Lot 48. Surveying his lands on the Ohio River

Sold:$ 100 000
Auction date:16.10.2020   10:00 UTC +01:00
ID 411455
Lot 48 | Surveying his lands on the Ohio River
WASHINGTON, George (1732-1799). Autograph manuscript signed ("Go: Washington"), Mount Vernon, 25 December 1787.

Irregular folio, 590 x 355mm with a 205 x 90mm sheet affixed along bottom portion of left margin (minor chips at margins, minor losses to weak folds reinforced), matted and framed.

George Washington surveys some of his Ohio River lands in the Kanawha Valley, granted to him for his service in the French and Indian War. A very attractive and significant survey drawn by Washington who writes at the head of the descriptions of the parcels that appear below the drawings: "This sheet contains the draught of three Tracts of Land belonging to the Subscriber on the Ohio River- Betw[ee]n the mouths of the Great & little Kanhawa." Here and there, Washington has annotated the drawings noting the locations of trees and other landmarks defining the boundaries. Below the drawings, Washington adds a text description of the tracts. "No. 1." Washington writes, "Begins about 3 or 4 Miles below the Mouth of the little Kanhawa – and is the first large bottom below the same on the East side of the River" and consisted of 2314 acres. The second tract," the 4th large bottom on the same side of the River below the Mouth of the little Kanhawa and about 25 Miles therefrom" with three to four miles of river frontage, contained 2448 acres, while the final tract, laying "on the same side of the River" about 3 1/2 miles below tract No. 2, "is the 5th large bottom on the East side, and the one next above (on that side) the Great Bend & Rapids. It bends on the River for more than five Miles" with 4,395 acres.

The tracts were part of 200,000 acres granted to French and Indian War veterans by Virginia Governor Robert Dinwiddie. Washington would spend a good deal of energy securing those lands—an effort complicated by the Proclamation of 1763 that forbade English settlement beyond the Appalachian Mountains. In December 1769, Washington petitioned the Virginia governor and council on behalf of himself and the regiment that marched with him to the Forks of the Ohio in 1754. The council consented and granted 200,000 acres. Washington charged William Crawford with surveying the lands in 1771. In 1774, Washington laid claim to four tracts, including the three shown on the present survey—all choice parcels of rich bottomland. In 1784, Washington attempted to visit these lands, but renewed conflict on the frontier prevented him from reaching the Kanawha Valley. During the 1790s Washington made several unsuccessful attempts to sell these lands, but they remained in his estate upon his death in 1799. For a fuller treatment of the subject of Washington's land purchases in the Kanawha Valley, see Nichole DiSarno, "The Kanawha Tracts" The Digital Encyclopedia of George Washington, edited by James P. Ambuske. Mount Vernon Ladies' Association, 2012. Provenance: The present lot, lot 3 and lot 49 all come from the distinguished collection of Nina R. and Arthur A. Houghton, Jr.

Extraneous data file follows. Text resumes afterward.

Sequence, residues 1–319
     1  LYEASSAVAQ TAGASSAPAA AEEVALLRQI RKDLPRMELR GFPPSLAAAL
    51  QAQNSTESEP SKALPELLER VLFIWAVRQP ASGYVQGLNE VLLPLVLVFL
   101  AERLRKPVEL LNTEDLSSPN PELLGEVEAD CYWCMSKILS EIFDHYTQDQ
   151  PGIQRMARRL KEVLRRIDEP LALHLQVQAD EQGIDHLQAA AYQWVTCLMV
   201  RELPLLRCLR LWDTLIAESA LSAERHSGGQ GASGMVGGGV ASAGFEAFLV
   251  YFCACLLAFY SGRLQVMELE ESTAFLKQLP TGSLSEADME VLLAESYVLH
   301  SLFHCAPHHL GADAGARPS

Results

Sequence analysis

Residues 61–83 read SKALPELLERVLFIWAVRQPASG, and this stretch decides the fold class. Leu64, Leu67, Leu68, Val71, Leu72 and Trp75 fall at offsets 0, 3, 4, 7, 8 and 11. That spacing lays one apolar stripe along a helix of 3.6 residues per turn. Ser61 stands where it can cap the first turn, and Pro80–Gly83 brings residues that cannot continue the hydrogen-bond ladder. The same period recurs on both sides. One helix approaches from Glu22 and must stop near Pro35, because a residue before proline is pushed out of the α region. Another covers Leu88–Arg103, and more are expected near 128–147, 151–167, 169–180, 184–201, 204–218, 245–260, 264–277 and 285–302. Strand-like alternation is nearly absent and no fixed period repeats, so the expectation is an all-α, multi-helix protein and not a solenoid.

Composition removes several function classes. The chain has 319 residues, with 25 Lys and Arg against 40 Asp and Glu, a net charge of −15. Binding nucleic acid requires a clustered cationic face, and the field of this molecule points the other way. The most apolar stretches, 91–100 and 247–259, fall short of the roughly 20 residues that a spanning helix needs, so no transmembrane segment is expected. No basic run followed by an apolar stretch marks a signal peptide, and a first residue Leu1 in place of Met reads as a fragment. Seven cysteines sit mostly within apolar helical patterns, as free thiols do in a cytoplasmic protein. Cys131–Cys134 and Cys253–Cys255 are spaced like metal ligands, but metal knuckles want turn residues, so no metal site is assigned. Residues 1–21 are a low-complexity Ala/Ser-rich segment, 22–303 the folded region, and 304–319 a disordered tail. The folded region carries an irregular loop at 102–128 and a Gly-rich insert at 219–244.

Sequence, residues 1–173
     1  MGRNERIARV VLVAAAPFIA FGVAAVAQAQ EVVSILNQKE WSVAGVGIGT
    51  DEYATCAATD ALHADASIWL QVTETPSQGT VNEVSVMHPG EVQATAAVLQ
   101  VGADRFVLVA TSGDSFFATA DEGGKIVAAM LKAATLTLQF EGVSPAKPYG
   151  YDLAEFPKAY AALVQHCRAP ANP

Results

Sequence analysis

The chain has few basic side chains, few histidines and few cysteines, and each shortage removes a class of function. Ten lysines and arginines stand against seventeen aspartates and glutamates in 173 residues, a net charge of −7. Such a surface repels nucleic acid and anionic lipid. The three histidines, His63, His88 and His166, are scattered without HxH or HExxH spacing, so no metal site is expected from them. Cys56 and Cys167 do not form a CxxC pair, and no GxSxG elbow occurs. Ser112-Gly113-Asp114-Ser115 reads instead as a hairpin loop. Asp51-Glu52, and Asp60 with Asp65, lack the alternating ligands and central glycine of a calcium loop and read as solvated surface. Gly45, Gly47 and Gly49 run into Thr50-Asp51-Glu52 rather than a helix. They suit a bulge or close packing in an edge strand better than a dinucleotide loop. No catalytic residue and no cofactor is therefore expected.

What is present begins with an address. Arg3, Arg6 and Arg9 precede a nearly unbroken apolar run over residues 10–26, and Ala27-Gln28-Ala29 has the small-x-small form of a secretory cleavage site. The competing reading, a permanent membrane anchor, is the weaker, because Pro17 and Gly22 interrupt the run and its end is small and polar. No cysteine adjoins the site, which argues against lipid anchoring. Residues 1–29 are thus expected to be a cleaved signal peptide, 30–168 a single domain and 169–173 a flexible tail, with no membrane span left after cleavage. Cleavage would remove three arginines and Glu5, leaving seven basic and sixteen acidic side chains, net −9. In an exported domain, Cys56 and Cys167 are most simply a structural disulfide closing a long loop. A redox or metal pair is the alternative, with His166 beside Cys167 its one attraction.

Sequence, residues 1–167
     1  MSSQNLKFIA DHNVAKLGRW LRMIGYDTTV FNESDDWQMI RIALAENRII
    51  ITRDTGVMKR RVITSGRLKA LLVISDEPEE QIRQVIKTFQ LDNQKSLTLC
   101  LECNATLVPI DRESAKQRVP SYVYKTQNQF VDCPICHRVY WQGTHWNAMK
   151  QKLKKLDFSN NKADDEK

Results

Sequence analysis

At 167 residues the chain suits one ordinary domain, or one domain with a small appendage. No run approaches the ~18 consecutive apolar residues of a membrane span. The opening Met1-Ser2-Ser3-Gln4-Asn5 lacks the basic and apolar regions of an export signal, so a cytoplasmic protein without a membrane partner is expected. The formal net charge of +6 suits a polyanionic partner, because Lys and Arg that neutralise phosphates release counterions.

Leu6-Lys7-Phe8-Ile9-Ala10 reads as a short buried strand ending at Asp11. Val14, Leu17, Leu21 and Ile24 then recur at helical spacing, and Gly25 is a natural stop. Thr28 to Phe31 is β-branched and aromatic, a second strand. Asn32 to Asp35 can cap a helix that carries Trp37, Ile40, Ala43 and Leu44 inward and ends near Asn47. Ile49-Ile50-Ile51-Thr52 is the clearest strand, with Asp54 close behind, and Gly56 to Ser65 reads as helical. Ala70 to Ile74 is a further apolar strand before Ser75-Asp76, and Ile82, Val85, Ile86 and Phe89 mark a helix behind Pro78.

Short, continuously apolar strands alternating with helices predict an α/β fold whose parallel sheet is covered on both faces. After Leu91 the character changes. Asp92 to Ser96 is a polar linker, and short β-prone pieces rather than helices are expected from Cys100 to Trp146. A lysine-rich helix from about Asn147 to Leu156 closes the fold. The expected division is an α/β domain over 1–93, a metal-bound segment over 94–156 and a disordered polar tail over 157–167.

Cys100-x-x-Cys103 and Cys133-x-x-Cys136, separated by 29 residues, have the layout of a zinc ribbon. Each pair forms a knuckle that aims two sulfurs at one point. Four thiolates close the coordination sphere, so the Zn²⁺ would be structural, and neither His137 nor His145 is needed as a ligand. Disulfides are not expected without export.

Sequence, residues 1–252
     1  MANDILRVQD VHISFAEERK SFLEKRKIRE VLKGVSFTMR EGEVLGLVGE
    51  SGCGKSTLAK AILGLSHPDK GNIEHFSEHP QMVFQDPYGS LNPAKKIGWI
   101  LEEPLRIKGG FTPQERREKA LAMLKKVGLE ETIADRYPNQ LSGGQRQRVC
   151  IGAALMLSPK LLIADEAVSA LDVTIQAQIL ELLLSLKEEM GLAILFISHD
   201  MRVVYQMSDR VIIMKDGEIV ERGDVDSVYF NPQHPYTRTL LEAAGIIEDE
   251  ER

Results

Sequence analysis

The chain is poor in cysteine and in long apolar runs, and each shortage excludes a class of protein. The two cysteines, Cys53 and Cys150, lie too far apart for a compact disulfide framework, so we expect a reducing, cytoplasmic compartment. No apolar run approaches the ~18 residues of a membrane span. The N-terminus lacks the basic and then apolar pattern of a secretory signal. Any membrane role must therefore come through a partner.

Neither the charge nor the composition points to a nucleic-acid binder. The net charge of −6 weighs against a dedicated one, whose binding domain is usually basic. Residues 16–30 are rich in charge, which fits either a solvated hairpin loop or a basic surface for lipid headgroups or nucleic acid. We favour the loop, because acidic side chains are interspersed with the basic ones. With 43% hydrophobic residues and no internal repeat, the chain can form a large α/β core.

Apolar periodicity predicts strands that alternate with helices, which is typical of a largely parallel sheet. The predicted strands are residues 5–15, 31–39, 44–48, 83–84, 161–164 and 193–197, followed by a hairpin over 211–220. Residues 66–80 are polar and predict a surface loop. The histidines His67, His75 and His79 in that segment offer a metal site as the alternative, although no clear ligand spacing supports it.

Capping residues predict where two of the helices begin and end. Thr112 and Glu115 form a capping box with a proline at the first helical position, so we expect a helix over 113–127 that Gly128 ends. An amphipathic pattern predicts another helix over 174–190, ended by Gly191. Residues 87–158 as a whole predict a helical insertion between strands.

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SW1Y 6QT London
United Kingdom
Preview01.10.2020 - 16.10.2020
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